Uses of Electromagnets in Hospitals

Written by j.t. barett
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Uses of Electromagnets in Hospitals
Modern Hospital Equipment (Image by Flickr.com, courtesy of 7j.nl) (Jako Jellema)

Electromagnets see a variety of duties in hospitals. The strong magnetic fields from superconducting magnets have given us devices like the MRI scanner. Electromagnets are used in surgery to safely remove metal shrapnel. And electromagnets play hidden, though important, roles in the design of equipment for patient rooms.

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MRI

The Magnetic Resonance Imaging (MRI) scanner uses a powerful electromagnet cooled in liquid helium. The MRI scanner uses the strong magnetic field to create detailed internal images of the body.

TMS

Transcranial Magnetic Stimulation (TMS) is a technique for stimulating the brain. An electromagnet sends a pulsed magnetic field to the patient's head. In some people, it appears to alleviate depression.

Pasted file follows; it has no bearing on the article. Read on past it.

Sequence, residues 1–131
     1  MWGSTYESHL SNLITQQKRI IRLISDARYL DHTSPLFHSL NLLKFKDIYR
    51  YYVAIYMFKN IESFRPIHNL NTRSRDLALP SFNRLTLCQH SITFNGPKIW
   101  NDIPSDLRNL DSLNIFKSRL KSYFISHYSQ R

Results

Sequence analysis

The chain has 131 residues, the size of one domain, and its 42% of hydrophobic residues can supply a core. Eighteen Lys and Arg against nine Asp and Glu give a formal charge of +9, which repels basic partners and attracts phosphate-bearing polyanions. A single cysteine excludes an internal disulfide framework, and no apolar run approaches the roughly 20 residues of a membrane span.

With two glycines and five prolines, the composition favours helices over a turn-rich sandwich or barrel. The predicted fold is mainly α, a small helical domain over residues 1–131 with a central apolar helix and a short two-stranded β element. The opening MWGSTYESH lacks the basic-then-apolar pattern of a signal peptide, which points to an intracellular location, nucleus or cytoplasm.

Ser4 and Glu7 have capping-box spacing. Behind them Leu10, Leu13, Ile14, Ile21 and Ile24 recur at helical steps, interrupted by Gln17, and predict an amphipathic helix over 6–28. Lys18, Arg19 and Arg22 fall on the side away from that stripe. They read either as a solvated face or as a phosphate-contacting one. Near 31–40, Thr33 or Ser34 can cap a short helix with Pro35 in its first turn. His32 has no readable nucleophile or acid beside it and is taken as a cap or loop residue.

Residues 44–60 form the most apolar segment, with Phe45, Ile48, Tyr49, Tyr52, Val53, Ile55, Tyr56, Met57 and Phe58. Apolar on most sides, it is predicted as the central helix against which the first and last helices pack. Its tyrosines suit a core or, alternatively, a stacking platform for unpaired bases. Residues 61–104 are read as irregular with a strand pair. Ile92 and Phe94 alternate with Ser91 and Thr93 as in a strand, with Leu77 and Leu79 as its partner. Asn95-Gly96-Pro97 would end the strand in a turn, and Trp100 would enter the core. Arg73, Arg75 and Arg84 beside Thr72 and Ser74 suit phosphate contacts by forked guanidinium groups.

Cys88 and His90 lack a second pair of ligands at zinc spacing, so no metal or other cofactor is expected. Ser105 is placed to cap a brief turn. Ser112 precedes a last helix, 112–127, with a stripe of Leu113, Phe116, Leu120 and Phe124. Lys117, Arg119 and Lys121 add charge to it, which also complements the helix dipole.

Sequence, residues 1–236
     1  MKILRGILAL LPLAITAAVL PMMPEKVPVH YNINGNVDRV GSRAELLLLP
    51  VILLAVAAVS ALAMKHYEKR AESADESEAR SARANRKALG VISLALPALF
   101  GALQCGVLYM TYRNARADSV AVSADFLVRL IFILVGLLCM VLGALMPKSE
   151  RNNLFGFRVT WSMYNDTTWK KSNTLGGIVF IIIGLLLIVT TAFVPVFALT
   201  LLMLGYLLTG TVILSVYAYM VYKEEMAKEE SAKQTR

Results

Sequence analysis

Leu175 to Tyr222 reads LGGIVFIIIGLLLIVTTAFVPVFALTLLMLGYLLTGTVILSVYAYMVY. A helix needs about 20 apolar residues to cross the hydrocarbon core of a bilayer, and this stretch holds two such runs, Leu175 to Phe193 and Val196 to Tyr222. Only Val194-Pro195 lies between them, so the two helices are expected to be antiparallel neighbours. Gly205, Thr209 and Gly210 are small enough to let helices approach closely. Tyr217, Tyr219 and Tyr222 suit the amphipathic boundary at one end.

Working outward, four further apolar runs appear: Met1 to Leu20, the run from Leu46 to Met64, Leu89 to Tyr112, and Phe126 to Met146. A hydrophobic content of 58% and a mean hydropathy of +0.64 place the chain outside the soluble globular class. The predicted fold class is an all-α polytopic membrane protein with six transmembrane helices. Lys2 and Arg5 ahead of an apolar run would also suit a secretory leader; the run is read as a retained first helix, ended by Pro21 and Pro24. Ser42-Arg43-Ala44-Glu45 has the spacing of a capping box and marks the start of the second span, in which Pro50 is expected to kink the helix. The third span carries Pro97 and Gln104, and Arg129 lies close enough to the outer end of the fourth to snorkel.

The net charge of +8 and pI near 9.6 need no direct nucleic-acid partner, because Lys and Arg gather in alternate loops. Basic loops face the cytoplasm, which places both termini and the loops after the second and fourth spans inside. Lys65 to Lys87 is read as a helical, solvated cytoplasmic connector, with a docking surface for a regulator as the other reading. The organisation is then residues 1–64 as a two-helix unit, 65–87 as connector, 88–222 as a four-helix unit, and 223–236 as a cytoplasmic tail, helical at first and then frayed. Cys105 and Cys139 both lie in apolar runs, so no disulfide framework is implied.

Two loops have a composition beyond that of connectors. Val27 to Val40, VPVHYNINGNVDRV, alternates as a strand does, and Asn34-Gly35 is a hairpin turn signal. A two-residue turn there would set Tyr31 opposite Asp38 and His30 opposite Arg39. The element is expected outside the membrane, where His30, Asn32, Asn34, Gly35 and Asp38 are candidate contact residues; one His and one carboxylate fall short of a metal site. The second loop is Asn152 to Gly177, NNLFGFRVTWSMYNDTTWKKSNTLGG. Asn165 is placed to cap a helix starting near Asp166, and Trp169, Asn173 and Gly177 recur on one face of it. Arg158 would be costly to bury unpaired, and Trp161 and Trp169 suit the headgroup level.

SQUID

Superconducting Quantum Interference Devices (SQUIDs) are electromagnets able to sense tiny electrical changes. They can be used to map brain activity without surgery.

Surgery

Surgeons sometimes use electromagnetic tools to remove metal fragments from patients. The magnets attract bits of metal that would otherwise be difficult to find or grasp.

Patient Rooms

Designers have proposed using a system of ceiling-mounted arms to organise monitoring equipment in patient rooms. Electromagnetic brakes in the arms serve to hold equipment in place.

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